Thursday, October 25, 2012

Pale Divine - Painted Windows Black



High expectations on the arrival of an album can really ruin the actual release. It has happened to myself many times in the past because you know and like a band a lot, and the mere fact they are about to release new material makes you attach all these, sometimes unsurmountable, hopes and attributes to it. This in turn can make it all come crashing down fast. For the release of Painted Windows Black these expectations were running extremely high since Pale Divine is one of my favourite bands of all time. Add to the fact that it took the band 5 long years to create a follow-up to their excellent Cemetery Earth and I was really worried what it was going to sound like. However, any fear I had was unfounded as Painted Windows Black is a master piece in any sense of the word! I should have know better than to doubt these guys...

Rarely has an album affected me as much as Painted Windows Black has from the very moment I first listened to it. The instrumental opener Nocturne Dementia shakes and rattles my foundations to a near meltdown with it's heaviness. It is a bold move for any band to start off with an instrumental piece but Pale Divine is a band that pulls it off excellently. Even without lyrics they convey the feelings Painted Windows Black depicts throughout its 67 minutes. Musically it's a joyride as they still play their fantastic blend of heavy 70's rock, doom and heavy metal but they have stepped it up a notch. Greg Diener's guitar playing is so perfectly unrestrained; on the one hand he keeps it together in the rhythm department and on the other hand he plays some truly wicked solos and he is jamming out at full blast. Darin McCloskey to me is an old school drummer in the sense that he plays like the great ones from the 70's, Brian Downey and Ian Paice especially comes to mind. It can look and sound simple when in fact his drumming is rather complex, intricate and face-blowingly heavy! And those are the traits of a great muscian, they make it look simple and easy when it really isn't. They are backed up by Jerry Bright on bass guitar and he does a great job keeping the songs in place which allows Greg especially to venture off with his magical solos. Great stuff folks indeed!

When The Prophet, the second song starts, the biggest change with Pale Divine is apparent and that is Greg's voice. He has always been an accomplished singer but both on albums and live he didn't always enunciate words giving a feeling of shyness. A big factor might be that he plays guitar and focus' more on the playing than the singing. This time around though, well all I can say is holy hell!!! He sings with such passion, power and he hits notes I could never have imagined him reaching before. How great that works in The Prophet. The desperation and angst in Greg's voice pulls me in and I really live the song. In fact I live every single song until Painted Windows Black ends. And despite the fact that the album deals with death, loneliness, despair, fear, angst, the end of the world I keep it on repeat. I don't want it to end; I want their music to take me away and comfort me while the lyrics are digging their way through my mind and soul until I am so emotionally drained I'm about to pass out.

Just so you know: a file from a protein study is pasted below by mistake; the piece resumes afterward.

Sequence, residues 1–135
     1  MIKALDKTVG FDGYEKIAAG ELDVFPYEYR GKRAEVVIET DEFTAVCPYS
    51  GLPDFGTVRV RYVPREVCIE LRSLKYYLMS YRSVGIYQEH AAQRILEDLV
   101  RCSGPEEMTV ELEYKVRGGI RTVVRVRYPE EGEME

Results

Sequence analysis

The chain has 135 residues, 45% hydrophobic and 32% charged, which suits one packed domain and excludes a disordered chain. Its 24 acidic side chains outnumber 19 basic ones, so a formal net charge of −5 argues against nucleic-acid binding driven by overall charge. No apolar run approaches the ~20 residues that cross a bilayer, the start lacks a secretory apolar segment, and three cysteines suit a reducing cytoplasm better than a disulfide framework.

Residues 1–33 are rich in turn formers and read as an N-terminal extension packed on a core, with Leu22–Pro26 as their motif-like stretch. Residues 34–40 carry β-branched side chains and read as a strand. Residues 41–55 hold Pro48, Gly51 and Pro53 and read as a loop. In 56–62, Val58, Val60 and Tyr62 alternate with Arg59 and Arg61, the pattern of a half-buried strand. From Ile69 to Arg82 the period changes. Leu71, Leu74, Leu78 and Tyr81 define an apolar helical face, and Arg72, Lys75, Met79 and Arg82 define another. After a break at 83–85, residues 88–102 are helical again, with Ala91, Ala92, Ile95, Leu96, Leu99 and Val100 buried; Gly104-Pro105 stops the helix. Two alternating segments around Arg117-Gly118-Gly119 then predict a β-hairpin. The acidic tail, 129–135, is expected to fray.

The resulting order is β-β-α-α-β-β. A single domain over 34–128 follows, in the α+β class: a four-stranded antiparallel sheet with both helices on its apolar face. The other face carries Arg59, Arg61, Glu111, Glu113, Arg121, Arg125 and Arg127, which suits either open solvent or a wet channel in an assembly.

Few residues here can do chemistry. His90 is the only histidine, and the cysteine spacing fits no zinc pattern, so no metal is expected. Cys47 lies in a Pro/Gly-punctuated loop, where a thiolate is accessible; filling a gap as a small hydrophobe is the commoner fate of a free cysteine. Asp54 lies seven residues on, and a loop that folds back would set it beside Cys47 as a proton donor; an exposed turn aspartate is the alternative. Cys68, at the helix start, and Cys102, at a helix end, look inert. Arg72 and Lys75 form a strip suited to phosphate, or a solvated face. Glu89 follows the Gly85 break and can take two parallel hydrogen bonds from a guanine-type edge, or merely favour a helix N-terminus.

Painted Windows Black is one of the most complete albums I have heard in a long long time. There is not a single bad song on it as they all complement each other fantastically well. However, there are three tracks that stand above the rest: Angel Of Mercy, End of Days and Black Coven. And this trio of songs defines all that Pale Divine are. All they've done and accomplished up until now are in these songs...the music, the lyrics, the talent, the emotions and all the evocations they conjur. Whether I'm happy or down Painted Windows Black works equally great and takes me to different places regardless my mood and the visions I see are so beautiful. I can't honestly say the last time an album affected me this much....truly amazing!

If 5 years is what it takes to complete a master piece like Painted Windows Black then let it take that long. I honestly never thought Pale Divine could surpass their previous release, the magnificient Cemetery Earth. Definitely emulate it but not surpass it but they did and then some. And I am very pleased that they proved me wrong. So in that respect half a decade isn't long at all.
Of course as a long time supporter of the band I prefer quicker releases but Painted Windows Black made me see the light finally. Let the band take the time they need because the final result will be mind-blowing as always!

This release is a definite must in any music fan's collection. It's one of those albums that only comes along once every decade or even less! And you, dear reader, are a fool beyond words if you don't pick up a copy of Painted Windows Black.

--Swedebeast






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